Controlling the Weather
Print Controlling the Weather Reading Comprehension with Sixth Grade Work
Print Controlling the Weather Reading Comprehension
||edHelper's suggested reading level:
||grades 6 to 8
||Flesch-Kincaid grade level:
||anti-aircraft, much-needed, propane, hard-earned, generate, long-term, modification, successful, smog, recreation, rockets, condense, unknown, opening, depend, present
Controlling the Weather
By Cindy Grigg
1 People depend on rain. Rain brings water for crops and for drinking. We use water to generate electricity. We bathe in it, swim in it, and use it for boats and recreation. For thousands of years, people have depended on the weather. Without enough rain, crops couldn't produce enough food. Native tribes had "medicine men" who sometimes did dances or other rituals to try to make it rain. Hucksters have promised rain in return for a town's hard-earned cash. These con men would put on a show, collect their money, and skip town. Today, scientists are looking at ways to control weather.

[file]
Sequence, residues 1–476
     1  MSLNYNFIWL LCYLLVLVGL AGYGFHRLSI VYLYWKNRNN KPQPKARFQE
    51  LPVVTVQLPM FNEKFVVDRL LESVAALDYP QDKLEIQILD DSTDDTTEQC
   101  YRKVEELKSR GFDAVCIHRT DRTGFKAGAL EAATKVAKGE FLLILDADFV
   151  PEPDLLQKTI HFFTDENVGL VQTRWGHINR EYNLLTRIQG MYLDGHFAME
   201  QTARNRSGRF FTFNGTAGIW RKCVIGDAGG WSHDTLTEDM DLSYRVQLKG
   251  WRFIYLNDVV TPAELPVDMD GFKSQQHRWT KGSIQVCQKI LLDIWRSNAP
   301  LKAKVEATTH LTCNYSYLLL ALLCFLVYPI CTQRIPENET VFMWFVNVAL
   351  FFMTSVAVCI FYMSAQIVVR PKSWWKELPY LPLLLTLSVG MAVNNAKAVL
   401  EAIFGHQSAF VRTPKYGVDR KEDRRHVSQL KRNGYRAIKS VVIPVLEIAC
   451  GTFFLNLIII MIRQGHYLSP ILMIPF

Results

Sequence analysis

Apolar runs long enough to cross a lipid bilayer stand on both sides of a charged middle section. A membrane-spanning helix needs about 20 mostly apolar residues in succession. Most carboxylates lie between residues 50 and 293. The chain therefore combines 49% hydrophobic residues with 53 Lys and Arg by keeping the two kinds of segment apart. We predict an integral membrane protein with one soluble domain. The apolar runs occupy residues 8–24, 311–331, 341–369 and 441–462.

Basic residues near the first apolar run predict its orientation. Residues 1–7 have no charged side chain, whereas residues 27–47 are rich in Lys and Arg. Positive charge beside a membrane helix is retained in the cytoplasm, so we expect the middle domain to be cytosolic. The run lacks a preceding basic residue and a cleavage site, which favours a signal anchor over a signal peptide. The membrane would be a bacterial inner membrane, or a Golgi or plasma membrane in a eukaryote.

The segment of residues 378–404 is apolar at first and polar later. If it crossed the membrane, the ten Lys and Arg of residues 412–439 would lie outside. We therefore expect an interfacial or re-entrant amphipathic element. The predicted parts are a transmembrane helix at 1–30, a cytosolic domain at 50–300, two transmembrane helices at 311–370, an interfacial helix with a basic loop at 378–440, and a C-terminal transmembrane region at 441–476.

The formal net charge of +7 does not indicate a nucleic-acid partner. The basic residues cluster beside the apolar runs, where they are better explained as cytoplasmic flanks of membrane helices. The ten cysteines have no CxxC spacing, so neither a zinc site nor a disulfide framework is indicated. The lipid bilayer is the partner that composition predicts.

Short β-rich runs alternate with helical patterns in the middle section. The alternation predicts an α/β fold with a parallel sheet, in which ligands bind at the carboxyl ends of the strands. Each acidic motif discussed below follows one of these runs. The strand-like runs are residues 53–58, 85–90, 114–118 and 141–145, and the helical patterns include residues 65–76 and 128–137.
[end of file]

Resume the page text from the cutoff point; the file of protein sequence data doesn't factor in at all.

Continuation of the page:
2 Since the late 1940s, cloud seeding has been used to enhance rainfall. For seeding to work, there must be storm clouds present in the air. Then silver iodide crystals are sprayed into the clouds. Sometimes propane, dry ice, or other chemicals are used. The chemicals cool the cloud. This causes the water vapor to condense. Rain falls. Cloud seeding can be done from the ground. Canisters of chemicals can be shot out of anti-aircraft guns. Chemicals can be sprayed from machines on the ground. Airplanes and sometimes rockets are also used to spray the chemicals into clouds.
3 Now many types of weather modification experiments are being done. Some have tried to cause heavier snowfalls on the mountains in California. In the summer when the snows melt, the water is used in homes and also to generate electricity. It has been estimated that snowfall has been increased by twenty percent in some cases. Other projects try to bring much-needed rain to drought-stricken Africa. In the U.S., cloud seeding has been used to reduce the size of hailstones, to clear fog from airports, and to bring snow to ski resorts. A team in Germany has experimented with lasers to do the job of cloud seeding.
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